Monday, May 10, 2004

Birdwatching when the sandstorms don't blow

It’s typical Egypt that one really annoying season should occur with a really great one. May is the month of the main bird migrations from Africa to Europe with a major flight path down the Nile Valley. The European storks can be seen circling on thermals at the edge of the valley, probably having landed briefly for some rest and food along one of the quieter canals in the area. These immense birds barely move their wings, spiraling upwards towards their flight altitude of somewhere near 20 thousand feet, up there with the passenger planes. I saw an entire flock of European Rollers, feathered jewels that perform exquisite acrobatics in their chase after insects, flitting through the palm trees in the garden next door. Every so often some of them would rest on the power line, showing off the green, blue and gold of their plumage. And as I was riding along the main canal the other morning, there was a flock of about 30 white herons moving along the canal in pursuit of fish and frogs, adults and juveniles crowding the banks of the canal where the minnows were resting.

The Delta is a wonder during bird migrations, still, although modern agriculture and old attitudes about conservation are taking their tolls on the bird population. It’s really strange that we humans who have so much more possibility in our existence are so ungenerous in sharing our planet with other animals. Whenever I am riding or even just sitting in my garden watching the birds who gather there, encouraged by my parrots calls in the aviary, I think of a good friend of mine, Richard Hoath. Richard is a professor at the American University in Cairo, teaching English, and writing about his passion, wildlife and conservation. He just recently wrote a new book on Egypt’s admittedly vanishing wildlife, published by the AUC press. It’s worth getting a copy.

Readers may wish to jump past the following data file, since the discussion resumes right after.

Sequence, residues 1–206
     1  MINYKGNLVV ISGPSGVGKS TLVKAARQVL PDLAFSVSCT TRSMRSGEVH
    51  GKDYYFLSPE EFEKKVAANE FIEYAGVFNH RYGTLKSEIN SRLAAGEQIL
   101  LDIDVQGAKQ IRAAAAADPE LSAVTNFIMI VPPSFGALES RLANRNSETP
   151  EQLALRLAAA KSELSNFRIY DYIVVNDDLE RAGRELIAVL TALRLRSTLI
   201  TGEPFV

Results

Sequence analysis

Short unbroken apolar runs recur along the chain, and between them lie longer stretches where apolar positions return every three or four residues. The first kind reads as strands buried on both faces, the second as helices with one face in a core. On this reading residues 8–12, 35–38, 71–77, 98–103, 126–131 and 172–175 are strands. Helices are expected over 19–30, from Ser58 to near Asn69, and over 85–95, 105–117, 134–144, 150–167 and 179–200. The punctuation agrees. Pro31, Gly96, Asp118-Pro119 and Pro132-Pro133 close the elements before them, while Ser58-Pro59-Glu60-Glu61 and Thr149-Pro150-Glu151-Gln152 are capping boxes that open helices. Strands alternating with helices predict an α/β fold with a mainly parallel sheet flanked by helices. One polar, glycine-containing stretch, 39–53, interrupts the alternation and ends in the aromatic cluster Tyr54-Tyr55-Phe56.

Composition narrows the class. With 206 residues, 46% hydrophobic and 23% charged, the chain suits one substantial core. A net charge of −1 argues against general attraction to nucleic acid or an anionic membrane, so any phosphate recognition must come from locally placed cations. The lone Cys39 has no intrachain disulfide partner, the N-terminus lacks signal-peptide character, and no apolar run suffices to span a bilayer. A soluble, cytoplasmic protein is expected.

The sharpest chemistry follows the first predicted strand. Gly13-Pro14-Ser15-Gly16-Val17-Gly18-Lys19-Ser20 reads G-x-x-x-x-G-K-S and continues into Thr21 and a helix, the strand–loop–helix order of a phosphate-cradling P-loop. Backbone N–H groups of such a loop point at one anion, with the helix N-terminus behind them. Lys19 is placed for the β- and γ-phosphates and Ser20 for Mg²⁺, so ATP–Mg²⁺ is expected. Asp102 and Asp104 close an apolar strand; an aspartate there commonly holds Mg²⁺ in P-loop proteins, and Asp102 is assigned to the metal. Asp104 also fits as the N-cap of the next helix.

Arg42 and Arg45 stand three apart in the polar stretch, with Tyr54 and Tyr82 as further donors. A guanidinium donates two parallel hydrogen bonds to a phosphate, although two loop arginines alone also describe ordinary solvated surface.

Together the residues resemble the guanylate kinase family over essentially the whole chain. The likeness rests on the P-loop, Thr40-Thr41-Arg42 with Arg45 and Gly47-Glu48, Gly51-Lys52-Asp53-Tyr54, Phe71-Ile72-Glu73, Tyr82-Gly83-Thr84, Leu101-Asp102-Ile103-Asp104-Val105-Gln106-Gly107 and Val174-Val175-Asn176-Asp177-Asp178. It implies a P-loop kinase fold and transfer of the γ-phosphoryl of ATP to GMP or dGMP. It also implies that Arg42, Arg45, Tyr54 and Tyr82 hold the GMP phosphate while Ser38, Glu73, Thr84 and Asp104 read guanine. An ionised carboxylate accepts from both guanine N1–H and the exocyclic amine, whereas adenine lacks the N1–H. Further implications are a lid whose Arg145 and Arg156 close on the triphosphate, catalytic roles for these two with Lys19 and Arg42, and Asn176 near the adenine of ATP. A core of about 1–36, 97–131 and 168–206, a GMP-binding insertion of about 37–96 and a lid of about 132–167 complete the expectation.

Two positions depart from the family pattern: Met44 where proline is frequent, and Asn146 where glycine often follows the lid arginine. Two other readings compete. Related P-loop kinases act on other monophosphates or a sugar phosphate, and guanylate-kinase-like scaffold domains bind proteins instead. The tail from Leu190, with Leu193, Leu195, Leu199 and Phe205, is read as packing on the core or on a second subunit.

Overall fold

At the same time that there is so much to be seen in the air, we have the Khamaseen season, the yearly sandstorms that make life here miserable. For the last two days I’ve woken to find a strange stillness in the air, unlike the usual brisk breeze blowing down the Nile from the Mediterranean. By about 11 am, the wind is from the desert or from the South rather than the Northeast and it’s blowing like a manic convection oven. We might have a good Force 3 whipping through the palms and breaking branches off the casuarinas and eucalyptus growing along the canals, while we all cower in our houses with the windows shut and fans working overtime. You vacuum and dust your house every other day at least and any food left outside a container or the refrigerator has an oddly gritty texture. Hair….well, the less said the better. But on the clear days, the birds are wonderful.